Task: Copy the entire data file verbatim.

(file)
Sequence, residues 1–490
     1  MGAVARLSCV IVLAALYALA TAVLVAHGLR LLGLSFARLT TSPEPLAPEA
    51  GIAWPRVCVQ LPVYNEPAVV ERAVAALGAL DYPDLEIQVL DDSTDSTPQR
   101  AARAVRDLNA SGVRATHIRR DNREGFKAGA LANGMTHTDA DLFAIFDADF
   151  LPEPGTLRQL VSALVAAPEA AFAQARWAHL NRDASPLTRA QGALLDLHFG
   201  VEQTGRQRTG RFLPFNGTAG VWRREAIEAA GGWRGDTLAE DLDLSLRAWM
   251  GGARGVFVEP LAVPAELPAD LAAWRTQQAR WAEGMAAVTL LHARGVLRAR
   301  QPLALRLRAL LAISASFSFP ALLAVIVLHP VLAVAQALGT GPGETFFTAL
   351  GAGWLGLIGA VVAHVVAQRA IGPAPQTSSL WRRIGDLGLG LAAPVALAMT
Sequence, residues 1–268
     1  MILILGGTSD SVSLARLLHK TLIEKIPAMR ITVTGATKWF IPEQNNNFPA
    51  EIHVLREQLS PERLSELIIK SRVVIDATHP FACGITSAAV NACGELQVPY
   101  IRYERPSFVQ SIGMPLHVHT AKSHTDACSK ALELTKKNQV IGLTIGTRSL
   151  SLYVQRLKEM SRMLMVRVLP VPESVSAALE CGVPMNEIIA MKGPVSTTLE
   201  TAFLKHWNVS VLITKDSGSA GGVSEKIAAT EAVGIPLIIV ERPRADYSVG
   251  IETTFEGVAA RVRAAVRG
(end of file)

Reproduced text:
Sequence, residues 1–490
     1  MGAVARLSCV IVLAALYALA TAVLVAHGLR LLGLSFARLT TSPEPLAPEA
    51  GIAWPRVCVQ LPVYNEPAVV ERAVAALGAL DYPDLEIQVL DDSTDSTPQR
   101  AARAVRDLNA SGVRATHIRR DNREGFKAGA LANGMTHTDA DLFAIFDADF
   151  LPEPGTLRQL VSALVAAPEA AFAQARWAHL NRDASPLTRA QGALLDLHFG
   201  VEQTGRQRTG RFLPFNGTAG VWRREAIEAA GGWRGDTLAE DLDLSLRAWM
   251  GGARGVFVEP LAVPAELPAD LAAWRTQQAR WAEGMAAVTL LHARGVLRAR
   301  QPLALRLRAL LAISASFSFP ALLAVIVLHP VLAVAQALGT GPGETFFTAL
   351  GAGWLGLIGA VVAHVVAQRA IGPAPQTSSL WRRIGDLGLG LAAPVALAMT
Sequence, residues 1–268
     1  MILILGGTSD SVSLARLLHK TLIEKIPAMR ITVTGATKWF IPEQNNNFPA
    51  EIHVLREQLS PERLSELIIK SRVVIDATHP FACGITSAAV NACGELQVPY
   101  IRYERPSFVQ SIGMPLHVHT AKSHTDACSK ALELTKKNQV IGLTIGTRSL
   151  SLYVQRLKEM SRMLMVRVLP VPESVSAALE CGVPMNEIIA MKGPVSTTLE
   201  TAFLKHWNVS VLITKDSGSA GGVSEKIAAT EAVGIPLIIV ERPRADYSVG
   251  IETTFEGVAA RVRAAVRG